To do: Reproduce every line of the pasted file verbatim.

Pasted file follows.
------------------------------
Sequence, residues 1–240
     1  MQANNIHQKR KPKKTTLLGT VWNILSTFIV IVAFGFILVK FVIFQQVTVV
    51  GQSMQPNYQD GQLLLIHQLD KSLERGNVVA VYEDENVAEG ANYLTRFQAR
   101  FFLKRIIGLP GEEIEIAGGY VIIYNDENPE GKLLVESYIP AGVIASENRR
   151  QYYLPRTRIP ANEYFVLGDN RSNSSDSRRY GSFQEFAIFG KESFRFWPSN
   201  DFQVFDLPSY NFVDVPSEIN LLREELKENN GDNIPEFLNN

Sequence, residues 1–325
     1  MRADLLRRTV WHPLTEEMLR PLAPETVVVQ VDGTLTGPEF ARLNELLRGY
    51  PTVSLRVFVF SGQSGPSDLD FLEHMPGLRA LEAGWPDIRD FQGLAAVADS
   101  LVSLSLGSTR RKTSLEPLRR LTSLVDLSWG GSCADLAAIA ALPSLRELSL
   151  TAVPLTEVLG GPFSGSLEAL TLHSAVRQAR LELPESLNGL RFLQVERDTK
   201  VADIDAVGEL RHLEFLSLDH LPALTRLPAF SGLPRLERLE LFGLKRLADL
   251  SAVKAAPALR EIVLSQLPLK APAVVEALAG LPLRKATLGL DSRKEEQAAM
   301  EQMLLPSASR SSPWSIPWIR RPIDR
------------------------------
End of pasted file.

Sequence, residues 1–240
     1  MQANNIHQKR KPKKTTLLGT VWNILSTFIV IVAFGFILVK FVIFQQVTVV
    51  GQSMQPNYQD GQLLLIHQLD KSLERGNVVA VYEDENVAEG ANYLTRFQAR
   101  FFLKRIIGLP GEEIEIAGGY VIIYNDENPE GKLLVESYIP AGVIASENRR
   151  QYYLPRTRIP ANEYFVLGDN RSNSSDSRRY GSFQEFAIFG KESFRFWPSN
   201  DFQVFDLPSY NFVDVPSEIN LLREELKENN GDNIPEFLNN

Sequence, residues 1–325
     1  MRADLLRRTV WHPLTEEMLR PLAPETVVVQ VDGTLTGPEF ARLNELLRGY
    51  PTVSLRVFVF SGQSGPSDLD FLEHMPGLRA LEAGWPDIRD FQGLAAVADS
   101  LVSLSLGSTR RKTSLEPLRR LTSLVDLSWG GSCADLAAIA ALPSLRELSL
   151  TAVPLTEVLG GPFSGSLEAL TLHSAVRQAR LELPESLNGL RFLQVERDTK
   201  VADIDAVGEL RHLEFLSLDH LPALTRLPAF SGLPRLERLE LFGLKRLADL
   251  SAVKAAPALR EIVLSQLPLK APAVVEALAG LPLRKATLGL DSRKEEQAAM
   301  EQMLLPSASR SSPWSIPWIR RPIDR